There was nothing I ever wanted more than to play Division I soccer in college. The moment I stepped on the field in fifth grade for the first time, I loved the game. I loved everything about it: the speed, the aggression, the strategy, the teamwork. Right through high school, I was a leader on my teams. I transformed into a fighter who would do anything (legal!) to support my teammates and perform my best. There is nothing in my life that has ever made me feel so alive.
During my senior year, two weeks after soccer season ended, I was told I might have a life-threatening heart condition. My dreams completely shattered. Six months later it was confirmed that I have LongQT Syndrome, and competitive sports were no longer an option for me. It twisted and wrenched my heart in a way that no ex-boyfriend could ever come close to doing to a girl. My passion had been stripped from me. A piece of my identity was simply stolen away.
Two months later I was asking my doctor if I could get “one of those metal things” put into my chest in order to play soccer again. He agreed to let me have an Implantable Cardioverter Defibrillator (ICD) surgically placed in my chest and wired into my heart. The device would keep me safe, and considering my relative lack of symptoms, I could return to the field.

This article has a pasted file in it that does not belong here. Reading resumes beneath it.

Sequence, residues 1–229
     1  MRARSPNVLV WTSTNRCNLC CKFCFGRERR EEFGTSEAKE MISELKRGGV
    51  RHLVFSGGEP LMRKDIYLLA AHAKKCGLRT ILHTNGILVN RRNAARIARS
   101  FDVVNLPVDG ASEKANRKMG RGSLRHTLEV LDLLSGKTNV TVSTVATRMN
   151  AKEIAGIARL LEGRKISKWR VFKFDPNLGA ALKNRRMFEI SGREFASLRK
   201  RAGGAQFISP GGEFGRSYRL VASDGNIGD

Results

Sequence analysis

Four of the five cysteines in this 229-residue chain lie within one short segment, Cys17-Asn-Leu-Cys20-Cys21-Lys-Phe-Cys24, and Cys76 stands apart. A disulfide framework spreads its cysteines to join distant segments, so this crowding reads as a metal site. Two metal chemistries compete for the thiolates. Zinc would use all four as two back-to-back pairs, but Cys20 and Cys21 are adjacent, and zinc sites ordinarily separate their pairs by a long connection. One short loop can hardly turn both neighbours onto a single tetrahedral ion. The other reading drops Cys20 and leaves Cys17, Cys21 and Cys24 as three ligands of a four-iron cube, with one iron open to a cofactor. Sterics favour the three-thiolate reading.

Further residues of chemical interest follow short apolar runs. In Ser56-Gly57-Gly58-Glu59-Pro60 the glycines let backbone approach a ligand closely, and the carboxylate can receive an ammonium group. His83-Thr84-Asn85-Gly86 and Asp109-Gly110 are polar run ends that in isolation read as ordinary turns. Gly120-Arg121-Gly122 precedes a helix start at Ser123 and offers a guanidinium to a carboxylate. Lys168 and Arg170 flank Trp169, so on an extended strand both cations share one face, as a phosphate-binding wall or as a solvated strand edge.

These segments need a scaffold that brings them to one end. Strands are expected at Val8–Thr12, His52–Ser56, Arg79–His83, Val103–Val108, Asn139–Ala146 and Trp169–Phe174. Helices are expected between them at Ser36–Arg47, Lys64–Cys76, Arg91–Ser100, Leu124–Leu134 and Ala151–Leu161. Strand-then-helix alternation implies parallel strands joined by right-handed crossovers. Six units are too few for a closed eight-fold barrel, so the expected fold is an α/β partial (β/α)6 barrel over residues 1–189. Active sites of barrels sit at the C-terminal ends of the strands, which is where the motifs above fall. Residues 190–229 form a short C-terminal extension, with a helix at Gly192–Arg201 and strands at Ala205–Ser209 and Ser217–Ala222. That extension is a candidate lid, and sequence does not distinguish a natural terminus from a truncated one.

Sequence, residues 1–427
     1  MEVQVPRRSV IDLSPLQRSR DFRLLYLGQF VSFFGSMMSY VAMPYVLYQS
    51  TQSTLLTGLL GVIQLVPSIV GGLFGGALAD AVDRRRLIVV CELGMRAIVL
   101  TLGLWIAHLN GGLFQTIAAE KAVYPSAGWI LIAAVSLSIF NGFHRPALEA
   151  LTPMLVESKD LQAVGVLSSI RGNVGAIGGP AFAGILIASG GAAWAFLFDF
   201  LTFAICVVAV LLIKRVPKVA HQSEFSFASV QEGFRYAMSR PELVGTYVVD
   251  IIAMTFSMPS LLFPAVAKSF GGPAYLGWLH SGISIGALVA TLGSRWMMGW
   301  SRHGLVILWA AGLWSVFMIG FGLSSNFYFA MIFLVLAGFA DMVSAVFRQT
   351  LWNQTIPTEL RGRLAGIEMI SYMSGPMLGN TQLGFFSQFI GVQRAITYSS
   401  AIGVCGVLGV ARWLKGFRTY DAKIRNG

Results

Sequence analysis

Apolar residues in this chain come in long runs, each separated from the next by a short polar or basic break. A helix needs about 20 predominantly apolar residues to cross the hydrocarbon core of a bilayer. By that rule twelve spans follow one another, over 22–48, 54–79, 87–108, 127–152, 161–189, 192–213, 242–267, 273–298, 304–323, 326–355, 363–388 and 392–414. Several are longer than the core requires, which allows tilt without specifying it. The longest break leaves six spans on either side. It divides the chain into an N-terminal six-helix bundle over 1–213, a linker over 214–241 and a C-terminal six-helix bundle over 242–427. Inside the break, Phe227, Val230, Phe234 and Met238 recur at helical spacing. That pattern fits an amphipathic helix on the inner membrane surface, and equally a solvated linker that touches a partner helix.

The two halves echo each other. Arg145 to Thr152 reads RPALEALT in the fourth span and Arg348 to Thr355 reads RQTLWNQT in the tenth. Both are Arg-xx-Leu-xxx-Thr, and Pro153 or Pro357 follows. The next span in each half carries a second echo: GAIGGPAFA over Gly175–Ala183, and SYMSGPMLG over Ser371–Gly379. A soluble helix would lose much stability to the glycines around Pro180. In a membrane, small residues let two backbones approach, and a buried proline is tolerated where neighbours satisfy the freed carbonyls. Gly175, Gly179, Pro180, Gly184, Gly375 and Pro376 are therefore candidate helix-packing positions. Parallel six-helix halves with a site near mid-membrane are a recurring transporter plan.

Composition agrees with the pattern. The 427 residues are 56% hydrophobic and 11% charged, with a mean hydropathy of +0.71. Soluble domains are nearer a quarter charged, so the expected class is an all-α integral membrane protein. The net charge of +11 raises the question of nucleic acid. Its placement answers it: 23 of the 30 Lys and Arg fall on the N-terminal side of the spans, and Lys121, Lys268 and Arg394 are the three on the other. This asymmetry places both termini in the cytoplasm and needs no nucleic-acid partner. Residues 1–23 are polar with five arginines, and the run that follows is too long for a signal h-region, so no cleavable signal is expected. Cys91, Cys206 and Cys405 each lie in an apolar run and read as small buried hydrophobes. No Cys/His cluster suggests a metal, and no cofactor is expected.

One month before entering college, I had my first ICD implanted. I went through rehab and trained in the spring of my freshman year with the Division I UMass Amherst soccer team. I quickly returned to great soccer shape and gave the game everything I had. The following summer I showed up for official try-outs, nervous and scared because the doorway to the greatest dream of my life was finally in front of me.
The coach stood before us all, announcing he would not be expanding his roster as originally intended. I did the math. There was one spot left on the team. He needed forwards, and I played defense.
I worked my butt off that week, and I was cut. I’d never been cut from a team in my life, and here it was, the one team that mattered like no other to me.
I concentrated on I what I had, not on what I didn’t.